On target: High Country Archery opens retail outlet

On target: High Country Archery opens retail outlet

January 19th, 2013 by Dave Flessner in Business Around the Region

Owner Nathan Land talks in his shop at Archer's Choice on Hixson Pike.

Photo by Angela Lewis /Times Free Press.

Jason Campbell fires a couple of arrows as Doc Crowe watches at Archer's Choice on Hixson Pike.

Jason Campbell fires a couple of arrows as...

Photo by Angela Lewis /Times Free Press.

Nathan Land grew up in the 1980s bow hunting in Northern Idaho with his father, Spencer, who invented some of the best compound bows at that time.

At age 33, Nathan Land still is passionate about archery. As the owner of the bow-making business his father started -- High Country Archery -- the younger Land is hoping to find the bull's-eye of America's renewed interest in archery.

"We want people to know we're here and eager to grow," Land said.

To help improve the local profile and service of the business, Land recently opened Chattanooga's newest and largest archery shop, called Archer's Choice Bowhunting Equipment. The new store on Hixson Pike will serve as a showroom for HCA's products and other archery equipment, as well as a service center for High Country products.

Land said he decided to use the 4,000-square-foot building with a pitched blue roof to open the company's first retail and service outlet. Land bought the site six years ago and said the new store should help showcase High Country Archery bows and arrows, along with other brand name equipment, and provide a place for local customers to get quicker service and warranty work, if needed.

The store also is an outlet for high-end landscape stone.

High Country Archery, which Spencer Land began in Orofino, Idaho more than three decades ago, pioneered some of the best bows from the 1980s through the first part of this century.

But the company later fell into hard times as competitors developed their own faster and more efficient bows and archery enthusiasm declined among some hunters.

The younger Land also blames mismanagement for hurting the High Country Archery brand when it was in Dunlap, Tenn., and once grew to nearly 150 employees.

Through Hunters Heritage Group LL, the younger Land bought the assets of High Country Archery nearly four years ago and relocated the business to Hamilton County.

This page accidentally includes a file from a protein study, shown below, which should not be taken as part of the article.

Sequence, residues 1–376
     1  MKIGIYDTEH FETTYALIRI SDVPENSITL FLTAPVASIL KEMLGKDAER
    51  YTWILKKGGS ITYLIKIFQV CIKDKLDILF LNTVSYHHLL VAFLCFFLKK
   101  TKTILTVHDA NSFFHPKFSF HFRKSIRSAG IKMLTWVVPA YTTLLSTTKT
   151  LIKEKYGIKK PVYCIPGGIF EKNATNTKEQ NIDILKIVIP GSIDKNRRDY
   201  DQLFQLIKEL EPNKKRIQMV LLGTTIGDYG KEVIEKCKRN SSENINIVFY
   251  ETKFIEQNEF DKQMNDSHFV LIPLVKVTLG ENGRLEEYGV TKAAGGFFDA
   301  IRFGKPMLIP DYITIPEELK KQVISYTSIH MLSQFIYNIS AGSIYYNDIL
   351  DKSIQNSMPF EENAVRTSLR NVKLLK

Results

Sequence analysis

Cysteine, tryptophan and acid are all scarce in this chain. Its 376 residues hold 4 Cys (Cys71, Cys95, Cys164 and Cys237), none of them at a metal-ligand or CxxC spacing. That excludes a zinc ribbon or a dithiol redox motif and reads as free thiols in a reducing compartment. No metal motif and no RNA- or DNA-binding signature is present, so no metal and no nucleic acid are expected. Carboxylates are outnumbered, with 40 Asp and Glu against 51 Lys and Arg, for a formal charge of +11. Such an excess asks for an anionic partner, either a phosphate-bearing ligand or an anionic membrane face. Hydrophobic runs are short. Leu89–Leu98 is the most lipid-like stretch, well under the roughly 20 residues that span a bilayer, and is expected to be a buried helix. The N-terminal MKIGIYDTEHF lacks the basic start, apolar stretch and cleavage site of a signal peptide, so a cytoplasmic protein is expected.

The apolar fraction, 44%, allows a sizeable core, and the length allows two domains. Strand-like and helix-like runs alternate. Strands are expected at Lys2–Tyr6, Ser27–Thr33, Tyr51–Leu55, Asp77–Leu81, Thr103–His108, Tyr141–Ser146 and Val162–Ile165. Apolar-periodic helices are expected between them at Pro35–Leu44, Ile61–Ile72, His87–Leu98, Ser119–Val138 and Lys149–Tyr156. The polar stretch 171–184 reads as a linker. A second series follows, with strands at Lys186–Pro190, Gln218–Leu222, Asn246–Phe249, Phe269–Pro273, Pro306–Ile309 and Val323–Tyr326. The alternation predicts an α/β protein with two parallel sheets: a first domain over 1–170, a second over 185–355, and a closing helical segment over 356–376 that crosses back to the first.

"The strength of the intellectual property, accompanied with the well-known brand as High Country Archery, is a huge asset," Land said when he bought the business. "My goal as a manufacturer is to continue that legacy by producing quality products backed by superior service."

Nathan Land already is boosting sales and says he is eager to promote youth archery and other programs to entice more people into the sport he loves.

Land believes he is on target with the growing interest in archery sparked by the popularity of "The Hunger Games," the movie that has grossed more than $400 million and landed archery in the bull's-eye of pop culture.

Bow advancements

In its 31-year history, High Country Archery has developed more than 20 patented bow and arrow designs, including one of the first bows to allow users to hold the tension on a bow with less strength, and designs that deliver faster and provide more accurate shots.

Spencer Land, who owned a pawn shop and sporting goods store in Idaho before starting High Country Archery, developed the first 65 percent let-off cam in 1983 with its Pro Eliminator.

He followed that invention up with such pioneering bows as the Hatchet Cam in 1989, the first extruded aluminum riser of its kind in 1992 known as Ultra Extreme, the first carbon riser in 1996, and the roller guard in 2002.

High Country Archery bows, which typically sell for $200 to $800 each, are sold through more than 100 dealers around the globe.

Archer's Choice Bowhunting Equipment is being managed by Joshua "Doc" Crowe, who handles the company's tech department.

"High Country Archery continues to be a dealer-only company, but Archer's Choice is unique in that it presents a showroom for High Country's products as well as other brand name equipment on a local level," Crowe said.